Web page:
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I totally agree with you that the best traceability tool is a human being. That's why I want to improve that tool :) – Cătălin Pitiș Oct 21 '09 at 7:56

There are many kinds of traceabilities to maintain: system requirements to sub-system requirements, requirements to design, requirement to verification (most important one), requirement to code, requirements to issues, etc.

Word, excel and A good issue tracking system goes a long way. But they can be painful when you are required to show traceability. Manually maintaining traceability is error prone and labor intensive. IBM Doors system is the best tool I have used so far. But they are expensive. We recently found a system Ultimate Trace that works quite well.

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I'd say the best way is to use a bug tracker. Each requirement is tracked as a bug, development modifications are associated with it, and changes can be kept with bugnotes.

A lot of bugtrackers allow you to associate multiple bugs together (eg as duplicates) so this can be used to keep discrete requirements combined and still separate for tracking individually.

If you store all your other artifacts in a SCM (ie design documents, etc) then you can trace these through too by associating them with the requirement.

There are tools to help with all this, ut I've found these "full lifecycle" tools are really unusable as they try to do far too much in one app, or as related apps that "integrate" together, and are incredibly expensive.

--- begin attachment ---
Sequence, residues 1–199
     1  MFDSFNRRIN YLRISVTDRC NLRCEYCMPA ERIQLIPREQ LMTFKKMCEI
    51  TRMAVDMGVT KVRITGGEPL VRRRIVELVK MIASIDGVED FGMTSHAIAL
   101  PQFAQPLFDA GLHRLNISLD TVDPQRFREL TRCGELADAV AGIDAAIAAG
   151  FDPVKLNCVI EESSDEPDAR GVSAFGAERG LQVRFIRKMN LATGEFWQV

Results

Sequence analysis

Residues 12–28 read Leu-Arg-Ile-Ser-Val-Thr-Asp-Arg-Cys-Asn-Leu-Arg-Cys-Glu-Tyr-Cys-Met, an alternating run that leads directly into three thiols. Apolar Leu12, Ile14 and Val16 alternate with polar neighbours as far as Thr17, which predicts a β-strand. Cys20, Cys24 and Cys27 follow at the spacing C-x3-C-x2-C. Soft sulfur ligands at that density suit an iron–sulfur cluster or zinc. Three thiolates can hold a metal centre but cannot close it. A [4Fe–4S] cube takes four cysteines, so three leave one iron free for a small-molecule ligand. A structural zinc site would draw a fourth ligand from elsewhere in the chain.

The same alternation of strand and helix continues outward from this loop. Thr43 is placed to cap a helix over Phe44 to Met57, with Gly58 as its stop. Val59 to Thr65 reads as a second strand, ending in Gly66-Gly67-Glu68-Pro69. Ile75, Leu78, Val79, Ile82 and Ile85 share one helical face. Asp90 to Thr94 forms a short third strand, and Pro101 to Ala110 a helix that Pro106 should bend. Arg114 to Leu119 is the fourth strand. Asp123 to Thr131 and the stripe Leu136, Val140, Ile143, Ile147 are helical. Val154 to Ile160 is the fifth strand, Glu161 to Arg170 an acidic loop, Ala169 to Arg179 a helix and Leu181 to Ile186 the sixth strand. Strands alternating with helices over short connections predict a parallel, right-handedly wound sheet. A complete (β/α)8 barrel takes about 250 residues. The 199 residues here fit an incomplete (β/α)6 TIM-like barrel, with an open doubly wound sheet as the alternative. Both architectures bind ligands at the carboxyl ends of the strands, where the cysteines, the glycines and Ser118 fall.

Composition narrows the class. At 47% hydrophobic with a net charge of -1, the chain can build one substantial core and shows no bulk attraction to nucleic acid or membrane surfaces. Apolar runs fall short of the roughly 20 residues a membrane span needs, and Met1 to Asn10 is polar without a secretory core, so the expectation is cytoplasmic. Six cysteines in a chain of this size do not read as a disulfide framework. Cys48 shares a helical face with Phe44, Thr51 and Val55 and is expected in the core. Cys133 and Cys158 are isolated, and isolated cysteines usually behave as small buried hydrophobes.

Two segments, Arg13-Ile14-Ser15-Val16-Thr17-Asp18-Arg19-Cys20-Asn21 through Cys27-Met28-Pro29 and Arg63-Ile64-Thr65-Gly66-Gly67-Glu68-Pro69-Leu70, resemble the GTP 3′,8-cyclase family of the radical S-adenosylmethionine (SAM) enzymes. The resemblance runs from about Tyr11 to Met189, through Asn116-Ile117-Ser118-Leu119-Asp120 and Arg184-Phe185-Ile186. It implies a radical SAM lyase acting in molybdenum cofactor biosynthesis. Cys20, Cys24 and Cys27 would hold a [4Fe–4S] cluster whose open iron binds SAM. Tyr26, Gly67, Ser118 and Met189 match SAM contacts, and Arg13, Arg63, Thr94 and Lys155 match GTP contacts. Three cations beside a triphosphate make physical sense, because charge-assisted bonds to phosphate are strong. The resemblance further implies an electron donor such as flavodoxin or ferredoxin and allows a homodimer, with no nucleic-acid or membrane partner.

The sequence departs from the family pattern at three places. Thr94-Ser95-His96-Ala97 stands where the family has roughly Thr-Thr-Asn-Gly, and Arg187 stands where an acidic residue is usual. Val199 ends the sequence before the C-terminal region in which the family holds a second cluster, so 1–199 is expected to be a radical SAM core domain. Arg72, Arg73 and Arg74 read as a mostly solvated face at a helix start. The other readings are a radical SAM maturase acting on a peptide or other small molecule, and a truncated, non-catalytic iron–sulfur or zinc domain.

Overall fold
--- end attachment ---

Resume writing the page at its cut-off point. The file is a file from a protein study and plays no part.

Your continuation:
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You want to add a version # to the requirements statement and for each use case - the most up-to-date ones being communicated to all and stored at some easily accessible area (physical and/or computer/web). You will need to add a change document that includes what the prior requirement statement and/or use case was, when it was changed, by who and who approved.

So when looking at the requirements spec and use cases you/all have the latest view and if there is a question to a change, you have the change doc to refer to (don't overburden the requirements or use case spec with historic info, but keep the historic info around as reference in an easily accessible, meaningful form)

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We have used three years ago a Rational tool for writing requirements. In those tools, many features concern traceability.

We found that the usability of these tools is not perfect. Although they did provide the basic functionalities we needed, we lost a lot of time going around their limitations.

I assume you are not asking about traceability up to the code, so I exclude this from my answer.

As you mention unique ids for your statements and use cases, you might already use a tool to manage them.

In essence, a simple relational model (possibly in a database) could cover the relations between your uniquely identified pieces.

I would look for a simple tool that does that. If only one person can modify it, it could simply be an Excel sheet!

Note that linking two documents types is probably not enough.
You mentioned 5 types: statements, use cases, test cases, requirements, and acceptance test cases.
We constantly needed transitivity (in the relational world, to JOIN tables), to have a view including several steps.

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As I was saying in my later edit... the tools allow me to "navigate" existing traceability. However, if something changes, I need to maintain that matrix: identify the changes to the traceability matrix, update it consistently, making sure that it remains consistent with the changes in the project. – Cătălin Pitiș Oct 19 '09 at 20:02